Qi, T.F.; Ge, M.; Korneta, O.B.; Parkin, S.; De Long, L.E.; Cao, G.
2011-04-15
Correlation between structure and transport properties are investigated in high-quality single-crystals of Ca{sub 2}Ru{sub 1-x}Cr{sub x}O{sub 4} with 0
Exotic topological states near a quantum metal-insulator transition in pyrochlore iridates
NASA Astrophysics Data System (ADS)
Tian, Zhaoming
Pyrochlore iridates have attracted great interest as prime candidates that may host topologically nontrivial states, spin ice ordering and quantum spin liquid states, in particular through the interplay between different degrees of freedom, such as local moments and mobile electrons. Based on our extensive study using our high quality single crystals, we will discuss such examples, i.e. chiral spin liquid in a quadratic band touching state, Weyl semimetallic state and chiral domain wall transport nearby a quantum insulator-semimetal transition in pyrochlore iridates. This work is based on the collaboration with Nakatsuji Satoru, Kohama Yoshimitsu, Tomita Takahiro, Kindo Koichi, Jun J. Ishikawa, Balents Leon, Ishizuka Hiroaki, Timothy H. Hsieh. ZM. Tian was supported by JSPS Postdoctoral Fellowship (No.P1402).
NASA Astrophysics Data System (ADS)
Yamasaki, A.; Fujiwara, H.; Tachibana, S.; Iwasaki, D.; Higashino, Y.; Yoshimi, C.; Nakagawa, K.; Nakatani, Y.; Yamagami, K.; Aratani, H.; Kirilmaz, O.; Sing, M.; Claessen, R.; Watanabe, H.; Shirakawa, T.; Yunoki, S.; Naitoh, A.; Takase, K.; Matsuno, J.; Takagi, H.; Sekiyama, A.; Saitoh, Y.
2016-09-01
In this study, we systematically investigate three-dimensional (3D) momentum (ℏ k )-resolved electronic structures of Ruddlesden-Popper-type iridium oxides Srn +1IrnO3 n +1 using soft-x-ray (SX) angle-resolved photoemission spectroscopy (ARPES). Our results provide direct evidence of an insulator-to-metal transition that occurs upon increasing the dimensionality of the IrO2-plane structure. This transition occurs when the spin-orbit-coupled jeff=1 /2 band changes its behavior in the dispersion relation and moves across the Fermi energy. In addition, an emerging band along the Γ (0,0,0)-R (π ,π ,π ) direction is found to play a crucial role in the metallic characteristics of SrIrO3. By scanning the photon energy over 350 eV, we reveal the 3D Fermi surface in SrIrO3 and kz-dependent oscillations of photoelectron intensity in Sr3Ir2O7 . In contrast to previously reported results obtained using low-energy photons, folded bands derived from lattice distortions and/or magnetic ordering make significantly weak (but finite) contributions to the k -resolved photoemission spectrum. At the first glance, this leads to the ambiguous result that the observed k -space topology is consistent with the unfolded Brillouin zone (BZ) picture derived from a nonrealistic simple square or cubic Ir lattice. Through careful analysis, we determine that a superposition of the folded and unfolded band structures has been observed in the ARPES spectra obtained using photons in both ultraviolet and SX regions. To corroborate the physics deduced using low-energy ARPES studies, we propose to utilize SX-ARPES as a powerful complementary technique, as this method surveys more than one whole BZ and provides a panoramic view of electronic structures.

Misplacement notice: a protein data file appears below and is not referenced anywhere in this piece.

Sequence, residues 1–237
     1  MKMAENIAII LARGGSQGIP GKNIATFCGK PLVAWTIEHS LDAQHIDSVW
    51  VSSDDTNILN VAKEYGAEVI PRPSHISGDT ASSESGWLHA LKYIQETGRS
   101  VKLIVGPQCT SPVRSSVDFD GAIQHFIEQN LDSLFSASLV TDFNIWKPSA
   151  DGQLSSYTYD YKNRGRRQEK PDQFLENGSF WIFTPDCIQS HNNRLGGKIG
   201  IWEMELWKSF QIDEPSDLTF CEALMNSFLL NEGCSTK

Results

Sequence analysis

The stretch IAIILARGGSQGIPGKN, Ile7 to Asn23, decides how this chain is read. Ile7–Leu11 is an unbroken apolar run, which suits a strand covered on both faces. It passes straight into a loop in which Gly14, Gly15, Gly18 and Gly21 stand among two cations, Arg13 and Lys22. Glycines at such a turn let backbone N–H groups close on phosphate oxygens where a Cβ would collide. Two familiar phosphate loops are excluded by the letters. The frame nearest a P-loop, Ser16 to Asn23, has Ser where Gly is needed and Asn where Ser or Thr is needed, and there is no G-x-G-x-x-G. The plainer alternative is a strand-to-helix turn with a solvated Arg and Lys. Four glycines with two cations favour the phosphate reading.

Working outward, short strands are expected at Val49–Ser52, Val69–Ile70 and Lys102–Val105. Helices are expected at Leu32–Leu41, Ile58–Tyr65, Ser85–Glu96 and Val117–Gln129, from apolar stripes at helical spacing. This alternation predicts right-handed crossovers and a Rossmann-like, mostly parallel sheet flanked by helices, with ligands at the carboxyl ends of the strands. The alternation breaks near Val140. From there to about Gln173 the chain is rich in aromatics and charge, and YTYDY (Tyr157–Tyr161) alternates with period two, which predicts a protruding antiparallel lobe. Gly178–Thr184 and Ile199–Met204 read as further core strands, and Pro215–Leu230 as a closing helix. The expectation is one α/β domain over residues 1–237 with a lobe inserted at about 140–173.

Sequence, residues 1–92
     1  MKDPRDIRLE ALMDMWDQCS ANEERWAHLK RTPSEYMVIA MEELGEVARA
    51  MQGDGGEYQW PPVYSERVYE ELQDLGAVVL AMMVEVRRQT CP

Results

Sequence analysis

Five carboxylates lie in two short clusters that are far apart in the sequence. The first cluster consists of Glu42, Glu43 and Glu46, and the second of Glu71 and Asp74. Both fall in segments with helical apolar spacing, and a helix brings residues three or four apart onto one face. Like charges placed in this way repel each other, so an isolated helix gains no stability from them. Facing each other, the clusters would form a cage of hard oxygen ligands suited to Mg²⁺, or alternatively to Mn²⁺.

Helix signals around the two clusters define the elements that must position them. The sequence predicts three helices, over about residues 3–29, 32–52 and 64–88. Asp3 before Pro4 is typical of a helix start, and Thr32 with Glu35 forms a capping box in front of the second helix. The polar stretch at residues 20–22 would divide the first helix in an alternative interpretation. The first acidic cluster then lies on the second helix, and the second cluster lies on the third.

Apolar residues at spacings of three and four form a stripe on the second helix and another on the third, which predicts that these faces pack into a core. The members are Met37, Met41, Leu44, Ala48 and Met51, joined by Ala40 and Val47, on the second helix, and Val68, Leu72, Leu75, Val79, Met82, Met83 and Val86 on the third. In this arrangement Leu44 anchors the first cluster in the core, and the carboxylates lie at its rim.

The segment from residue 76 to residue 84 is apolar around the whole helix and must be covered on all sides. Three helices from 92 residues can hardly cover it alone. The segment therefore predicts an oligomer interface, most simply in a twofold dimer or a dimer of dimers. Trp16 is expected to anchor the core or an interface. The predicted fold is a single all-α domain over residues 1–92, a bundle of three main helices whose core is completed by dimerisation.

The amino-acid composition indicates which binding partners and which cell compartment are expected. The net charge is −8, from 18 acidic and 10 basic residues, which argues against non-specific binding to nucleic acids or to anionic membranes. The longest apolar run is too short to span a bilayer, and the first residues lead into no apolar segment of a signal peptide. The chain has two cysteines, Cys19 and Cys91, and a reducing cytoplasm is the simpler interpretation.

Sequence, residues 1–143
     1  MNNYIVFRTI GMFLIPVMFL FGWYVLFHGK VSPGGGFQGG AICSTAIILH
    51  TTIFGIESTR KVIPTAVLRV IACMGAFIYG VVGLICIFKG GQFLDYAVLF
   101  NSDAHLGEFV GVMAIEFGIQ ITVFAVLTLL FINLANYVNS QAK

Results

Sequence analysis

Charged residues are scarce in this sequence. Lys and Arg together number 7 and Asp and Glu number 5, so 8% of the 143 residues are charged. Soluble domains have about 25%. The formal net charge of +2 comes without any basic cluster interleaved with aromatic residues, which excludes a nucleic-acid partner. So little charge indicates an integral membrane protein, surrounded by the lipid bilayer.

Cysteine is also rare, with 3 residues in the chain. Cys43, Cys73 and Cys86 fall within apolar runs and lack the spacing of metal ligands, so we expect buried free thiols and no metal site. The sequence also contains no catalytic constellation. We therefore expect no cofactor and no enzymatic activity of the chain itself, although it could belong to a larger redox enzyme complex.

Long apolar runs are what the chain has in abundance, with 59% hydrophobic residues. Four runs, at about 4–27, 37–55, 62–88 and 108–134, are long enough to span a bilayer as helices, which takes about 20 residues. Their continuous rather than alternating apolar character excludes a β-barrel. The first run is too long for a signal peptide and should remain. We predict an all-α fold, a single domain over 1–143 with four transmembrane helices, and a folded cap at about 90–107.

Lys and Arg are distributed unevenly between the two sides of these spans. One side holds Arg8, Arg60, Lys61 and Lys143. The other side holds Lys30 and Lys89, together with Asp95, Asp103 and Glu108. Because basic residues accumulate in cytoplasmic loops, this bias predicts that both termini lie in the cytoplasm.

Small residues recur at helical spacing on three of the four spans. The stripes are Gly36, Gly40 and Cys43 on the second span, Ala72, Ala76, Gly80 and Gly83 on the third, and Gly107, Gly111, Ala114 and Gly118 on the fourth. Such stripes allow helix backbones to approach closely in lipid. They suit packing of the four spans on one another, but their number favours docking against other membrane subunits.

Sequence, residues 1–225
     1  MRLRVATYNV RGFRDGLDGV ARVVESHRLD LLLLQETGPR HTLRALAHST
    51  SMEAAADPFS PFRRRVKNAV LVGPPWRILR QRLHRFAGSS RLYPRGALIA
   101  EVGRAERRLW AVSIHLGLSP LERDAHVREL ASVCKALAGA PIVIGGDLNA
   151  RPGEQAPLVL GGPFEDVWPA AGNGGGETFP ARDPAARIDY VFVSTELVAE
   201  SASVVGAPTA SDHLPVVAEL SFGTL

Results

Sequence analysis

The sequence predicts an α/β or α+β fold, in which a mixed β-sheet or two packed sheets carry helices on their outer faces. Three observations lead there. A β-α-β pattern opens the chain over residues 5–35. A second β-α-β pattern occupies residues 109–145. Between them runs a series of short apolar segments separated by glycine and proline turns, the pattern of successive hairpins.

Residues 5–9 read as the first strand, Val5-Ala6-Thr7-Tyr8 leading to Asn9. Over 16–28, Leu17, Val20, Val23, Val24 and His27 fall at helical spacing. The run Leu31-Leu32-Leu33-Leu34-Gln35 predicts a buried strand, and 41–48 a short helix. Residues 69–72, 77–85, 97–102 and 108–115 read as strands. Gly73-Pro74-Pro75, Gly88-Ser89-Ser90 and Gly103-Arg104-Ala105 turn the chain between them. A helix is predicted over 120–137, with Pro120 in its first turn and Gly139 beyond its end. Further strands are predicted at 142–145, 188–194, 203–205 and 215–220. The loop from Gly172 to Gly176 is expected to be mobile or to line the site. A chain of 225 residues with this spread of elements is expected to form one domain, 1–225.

Schaffler, F.; Muhlberger, M.; Lai, K. W.; Lyon, S.A.; Tsui, Daniel Chee; Pan, W. Y.
2005-01-01
The apparent metal-insulator transition is observed in a high-quality two-dimensional electron system (2DES) in the strained Si quantum well of a Si/Si{sub 1-x}Ge{sub x} heterostructure with mobility {mu} = 1.9 x 10{sup 5} cm{sup 2}/V s at density n = 1.45 x 10{sup 11} cm{sup -2}. The critical density, at which the thermal coefficient of low T resistivity changes sign, is -0.32 x 10{sup 11} cm{sup -2}, a very low value obtained in Si-based 2D systems. The in-plane magnetoresistivity {rho}(B{sub ip}) was measured in the density range, 0.35 x 10{sup 11} < n < 1.45 x 10{sup 11} cm{sup -2}, where the 2DES shows the metallic-like behavior. It first increases and then saturates to a finite value {rho}(B{sub c}) for B{sub ip}>B{sub c} , with B{sub c} the full spin-polarization field. Surprisingly, {rho}(B{sub c})/{rho}(0)-1.8 for all the densities, even down to n = 0.35 x 10{sup 11} cm{sup -2}, only 10% higher than n{sub c}. This is different from that in clean Si metal-oxide-semiconductor field-effect transistors, where the enhancement is strongly density dependent and {rho}(B{sub c})/{rho}(0) appears to diverge as n {yields} n{sub c}. Finally, we show that in the fully spin-polarized regime, dependent on the 2DES density, the temperature dependence of {rho}(B{sub ip}) can be either metallic-like or insulating.